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Navigating the Risks: Best Practices for Confined Space Rescue in Industrial Settings

Working in confined spaces in industrial settings can pose significant risks and hazards to workers. Therefore, companies must take necessary precautions and provide proper training and equipment to ensure the safety of their employees while working in these spaces. It is crucial to understand the potential dangers associated with confined spaces, and both employers and employees must be aware of the necessary safety procedures to minimize the risks. In case of an emergency, CSR Services play a critical role in ensuring the safety of workers, and employers should make sure to have them available or on standby for permit-required confined spaces. Read More

Legal & Safety Teams: Working Together for OSHA Solutions

Forming a collaborative team of lawyers and safety professionals when addressing an OSHA violation is in everyone’s best interest. Lawyers know the relevant laws and regulations governing workplace safety and are experienced in finding effective legal solutions to address potential citations. At the same time, safety professionals have experience in assessing risks and hazards in the workplace and developing methods to ensure safe work practices. Working together, these two parties can craft solutions that both adhere to legal standards and meet practical considerations related to workplace safety. Read More

Improve Your EMR to Lower Your Company’s Insurance Rates

Businesses with safe workplaces may see a better-than-average experience modifier or a connection between workplace injury loss and workers’ compensation expenses. Insurance companies use experience modifiers to assist in calculating the cost of workers’ compensation premiums, and employers with lesser risk will often pay a lower premium.

An EMR, or experience modification rating, is a number that is used to calculate the cost of workers’ compensation insurance premiums. Worker’s compensation is a payment made in the event of an injury on the job. An EMR rating is similar to a credit score in that it uses historical data to forecast future liabilities. An insurance company can measure the cost of prior occurrences and estimate future risks based on your organization’s EMR rating. Read More

Best Safety Practices for Roofers

The roofing industry faces many challenges that others do not encounter. Roofers have one of the most strenuous jobs in the country, one that often comes with many dangers and risks. In addition to state and federal safety laws that regulate industry compliance, many roof contractors are now improving how they do business to boost their workplace safety.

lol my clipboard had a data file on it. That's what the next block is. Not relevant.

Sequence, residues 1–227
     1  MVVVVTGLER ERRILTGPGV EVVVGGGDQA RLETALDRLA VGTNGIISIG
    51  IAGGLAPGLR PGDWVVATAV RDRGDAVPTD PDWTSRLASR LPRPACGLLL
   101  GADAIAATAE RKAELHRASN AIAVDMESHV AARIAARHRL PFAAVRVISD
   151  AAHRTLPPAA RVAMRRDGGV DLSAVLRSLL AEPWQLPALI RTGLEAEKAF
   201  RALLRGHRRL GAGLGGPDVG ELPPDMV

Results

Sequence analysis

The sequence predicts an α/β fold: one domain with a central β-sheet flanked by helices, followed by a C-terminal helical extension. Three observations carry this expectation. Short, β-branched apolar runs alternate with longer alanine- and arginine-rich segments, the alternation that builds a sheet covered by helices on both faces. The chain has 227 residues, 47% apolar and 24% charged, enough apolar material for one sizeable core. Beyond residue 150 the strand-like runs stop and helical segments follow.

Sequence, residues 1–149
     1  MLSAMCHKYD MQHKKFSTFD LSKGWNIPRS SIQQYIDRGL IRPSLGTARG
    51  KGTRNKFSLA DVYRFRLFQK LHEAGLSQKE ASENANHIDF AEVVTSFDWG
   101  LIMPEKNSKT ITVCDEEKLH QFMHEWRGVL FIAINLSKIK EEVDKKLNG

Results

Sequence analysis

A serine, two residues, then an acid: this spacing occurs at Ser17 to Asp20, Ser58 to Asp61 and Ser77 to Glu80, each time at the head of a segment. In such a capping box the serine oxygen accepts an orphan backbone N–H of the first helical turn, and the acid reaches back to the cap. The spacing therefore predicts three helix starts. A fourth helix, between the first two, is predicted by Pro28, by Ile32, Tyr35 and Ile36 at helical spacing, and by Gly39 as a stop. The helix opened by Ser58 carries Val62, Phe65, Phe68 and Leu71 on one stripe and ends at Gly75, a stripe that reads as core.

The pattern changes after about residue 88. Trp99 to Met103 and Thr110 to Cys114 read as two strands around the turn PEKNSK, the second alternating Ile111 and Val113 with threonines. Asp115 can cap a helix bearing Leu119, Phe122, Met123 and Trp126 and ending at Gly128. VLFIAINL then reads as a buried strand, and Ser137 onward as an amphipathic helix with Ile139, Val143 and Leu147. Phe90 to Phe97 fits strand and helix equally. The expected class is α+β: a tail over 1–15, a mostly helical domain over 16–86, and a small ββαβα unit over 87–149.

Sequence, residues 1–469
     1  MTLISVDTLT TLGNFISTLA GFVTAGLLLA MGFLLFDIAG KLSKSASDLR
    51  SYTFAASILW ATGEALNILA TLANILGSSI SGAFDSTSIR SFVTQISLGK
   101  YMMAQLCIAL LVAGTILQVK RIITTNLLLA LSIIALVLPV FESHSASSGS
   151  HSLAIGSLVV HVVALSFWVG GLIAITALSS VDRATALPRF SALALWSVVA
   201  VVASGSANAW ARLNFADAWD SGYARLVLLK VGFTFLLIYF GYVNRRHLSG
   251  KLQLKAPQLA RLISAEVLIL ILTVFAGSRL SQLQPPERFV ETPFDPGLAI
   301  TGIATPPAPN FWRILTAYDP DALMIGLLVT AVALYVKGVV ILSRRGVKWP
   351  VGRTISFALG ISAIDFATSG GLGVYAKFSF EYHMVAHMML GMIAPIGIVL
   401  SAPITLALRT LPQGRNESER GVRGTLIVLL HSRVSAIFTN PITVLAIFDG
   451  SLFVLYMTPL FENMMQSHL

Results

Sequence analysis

One of the most important things a roofer can do is train their staff. Having inexperienced or unlicensed employees can leave the company open to unnecessary safety hazards and even lawsuits.

While commercial roofers have mandatory training requirements for employees, many residential roofing companies do not. It is advised that all roofers participate in and complete a minimum of 10 hours in an OSHA (Occupational Safety and Health Administration) certified training. Further, lead contractors or on-site supervisors should carry at least a 30-hour OSHA safety certificate when monitoring the work of others. Read More

Fire Safety for the Air Service Industry

The United States has the highest number of people killed by fires each year. Every 23 seconds, an alarm sounds to a fire somewhere in the United States. In 2019, public fire departments attended 1,389,500 fires in the United States. Nationwide, in 2019 there was a civilian (non-firefighter) fire death every 175 minute

The type of protection your company needs depends on your business’s specifics, such as size and business type, as well as what your emergency plan entails.

These statistics are alarming, and they show that fire is a serious threat whether in your home or your workspace. There are many ways to protect you and your workspace, including information and escape equipment to fire extinguishers and other gear. Read More

Occupational Safety in Microbreweries

An organization is responsible for ensuring that it minimizes the risk of harm to the people that may be affected by its activities (e.g., its workers, its managers, contractors, or visitors), and particularly if the organization engages them to perform those activities as part of their “occupation.”

The Occupational Health and Safety Act’s primary objective is to ensure that safety at work is achievable in every organization, big or small. By complying with this act, you can address issues that may pose a danger to your employees well before any untoward incidents occur.

When people think fondly of breweries, three important things may come to mind: kegs, beer, and happiness. And ultimately, that’s exactly what brewers want the consumer to walk away with— a positive, enjoyable experience, sampling and purchasing good beer. However, many people underestimate the amount of hard labor that goes on behind the scenes or the vigilance required to maintain a safe work environment in the day-to-day operations of beer making.  Read More